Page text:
Radon is a cancer-causing radioactive gas. You cannot see, smell or taste radon, but it may be a problem in your home. The Surgeon General has warned that radon is the second leading cause of lung cancer in the United States today.  Some scientific studies of radon exposure indicate that children may be more sensitive to radon. This may be due to their higher respiration rate and their rapidly dividing cells, which may be more vulnerable to radiation damage.

         Radon forms naturally from the decay of radioactive elements, such as uranium, which are found at different levels in soil and rock throughout the world. Radon gas in the soil and rock can move into the air and into ground water and surface water.Radon is a national environmental health problem. Elevated radon levels have been discovered in every state. The US EPA estimates that as many as 8 million homes throughout the country have elevated levels of radon. The EPA reccomends radon levels to be less than 4 pCi/l.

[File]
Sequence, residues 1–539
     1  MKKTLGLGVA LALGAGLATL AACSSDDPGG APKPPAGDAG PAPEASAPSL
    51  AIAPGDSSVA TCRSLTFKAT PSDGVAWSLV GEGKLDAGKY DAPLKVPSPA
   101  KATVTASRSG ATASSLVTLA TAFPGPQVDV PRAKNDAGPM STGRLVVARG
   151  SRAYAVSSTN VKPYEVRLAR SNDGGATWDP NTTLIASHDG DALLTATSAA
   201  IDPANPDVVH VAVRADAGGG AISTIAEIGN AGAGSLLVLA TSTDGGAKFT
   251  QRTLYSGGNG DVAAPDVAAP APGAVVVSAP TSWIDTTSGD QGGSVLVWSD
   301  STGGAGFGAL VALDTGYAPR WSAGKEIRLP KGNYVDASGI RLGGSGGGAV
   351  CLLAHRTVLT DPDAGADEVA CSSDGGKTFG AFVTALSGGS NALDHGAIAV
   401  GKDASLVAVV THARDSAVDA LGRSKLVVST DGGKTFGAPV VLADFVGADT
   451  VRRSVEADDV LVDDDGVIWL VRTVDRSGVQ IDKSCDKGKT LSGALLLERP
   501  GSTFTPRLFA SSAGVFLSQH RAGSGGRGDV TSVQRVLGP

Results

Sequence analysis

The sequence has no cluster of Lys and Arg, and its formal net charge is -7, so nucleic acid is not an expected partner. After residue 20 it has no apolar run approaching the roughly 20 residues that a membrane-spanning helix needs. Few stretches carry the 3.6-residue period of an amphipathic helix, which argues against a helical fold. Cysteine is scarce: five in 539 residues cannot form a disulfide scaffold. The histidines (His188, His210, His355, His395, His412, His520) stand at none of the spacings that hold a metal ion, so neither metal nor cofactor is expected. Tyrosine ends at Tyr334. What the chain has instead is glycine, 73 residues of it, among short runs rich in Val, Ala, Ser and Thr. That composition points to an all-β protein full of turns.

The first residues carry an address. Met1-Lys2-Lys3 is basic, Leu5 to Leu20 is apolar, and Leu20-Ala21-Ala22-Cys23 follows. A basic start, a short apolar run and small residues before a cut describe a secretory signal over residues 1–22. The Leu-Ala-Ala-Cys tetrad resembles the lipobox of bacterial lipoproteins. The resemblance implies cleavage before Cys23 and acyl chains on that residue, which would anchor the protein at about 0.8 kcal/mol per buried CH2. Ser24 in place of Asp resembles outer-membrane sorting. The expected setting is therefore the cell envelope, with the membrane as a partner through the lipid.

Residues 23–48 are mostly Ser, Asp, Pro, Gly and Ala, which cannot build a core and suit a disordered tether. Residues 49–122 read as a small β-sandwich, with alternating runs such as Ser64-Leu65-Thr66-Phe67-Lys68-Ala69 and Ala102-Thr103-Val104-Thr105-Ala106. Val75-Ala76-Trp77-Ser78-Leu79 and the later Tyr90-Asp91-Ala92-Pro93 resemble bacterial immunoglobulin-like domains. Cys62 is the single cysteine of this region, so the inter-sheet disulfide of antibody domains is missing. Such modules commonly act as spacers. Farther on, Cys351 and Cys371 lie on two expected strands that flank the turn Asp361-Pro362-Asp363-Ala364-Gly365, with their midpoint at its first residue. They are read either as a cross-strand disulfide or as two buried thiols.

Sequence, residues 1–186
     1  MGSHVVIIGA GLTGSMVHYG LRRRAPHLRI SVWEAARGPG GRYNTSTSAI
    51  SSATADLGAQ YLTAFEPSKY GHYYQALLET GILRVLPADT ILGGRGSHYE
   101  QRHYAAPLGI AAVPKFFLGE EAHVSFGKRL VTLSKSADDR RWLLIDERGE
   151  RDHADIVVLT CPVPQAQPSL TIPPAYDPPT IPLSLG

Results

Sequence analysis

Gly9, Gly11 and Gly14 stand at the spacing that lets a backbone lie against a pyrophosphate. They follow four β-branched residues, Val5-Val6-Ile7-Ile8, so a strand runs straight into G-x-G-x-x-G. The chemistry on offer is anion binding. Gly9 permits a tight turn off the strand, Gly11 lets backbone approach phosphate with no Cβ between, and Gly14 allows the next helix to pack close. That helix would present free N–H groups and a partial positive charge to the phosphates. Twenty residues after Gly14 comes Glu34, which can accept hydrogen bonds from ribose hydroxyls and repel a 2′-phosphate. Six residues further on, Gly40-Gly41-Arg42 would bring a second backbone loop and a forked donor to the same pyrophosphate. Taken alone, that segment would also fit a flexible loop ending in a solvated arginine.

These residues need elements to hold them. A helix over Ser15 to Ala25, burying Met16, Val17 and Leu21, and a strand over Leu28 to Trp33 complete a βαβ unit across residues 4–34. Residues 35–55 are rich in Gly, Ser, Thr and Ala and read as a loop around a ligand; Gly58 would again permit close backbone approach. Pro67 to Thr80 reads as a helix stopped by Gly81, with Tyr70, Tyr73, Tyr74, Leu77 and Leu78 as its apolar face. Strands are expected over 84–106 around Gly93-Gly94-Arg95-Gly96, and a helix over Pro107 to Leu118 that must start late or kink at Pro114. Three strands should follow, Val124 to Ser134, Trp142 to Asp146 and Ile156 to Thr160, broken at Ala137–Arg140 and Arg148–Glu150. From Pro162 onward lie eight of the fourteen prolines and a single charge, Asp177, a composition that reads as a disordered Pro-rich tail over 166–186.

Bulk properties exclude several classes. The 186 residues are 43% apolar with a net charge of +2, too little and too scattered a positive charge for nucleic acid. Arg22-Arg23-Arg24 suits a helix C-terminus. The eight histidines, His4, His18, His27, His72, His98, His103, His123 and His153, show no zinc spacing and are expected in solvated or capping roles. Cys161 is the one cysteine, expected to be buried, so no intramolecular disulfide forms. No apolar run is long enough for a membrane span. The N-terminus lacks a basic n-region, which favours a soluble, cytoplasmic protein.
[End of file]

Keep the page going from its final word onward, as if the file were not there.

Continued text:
Testing is the only way to know your home's radon levels. There are no immediate symptoms that will alert you to the presence of radon. It typically takes years of exposure before any problems surface. If your home has high concentrations of radon there are ways to reduce it to acceptable levels.

 

Here are some great resources for radon:

http://www.epa.gov/radon/aboutus.html

http://www.epa.gov/radon/states/washington.html

http://www.epa.gov/radon/zonemap.html#mapcolors

http://iaq.supportportal.com/link/portal/23002/23007/ArticleFolder/976/Radon

 

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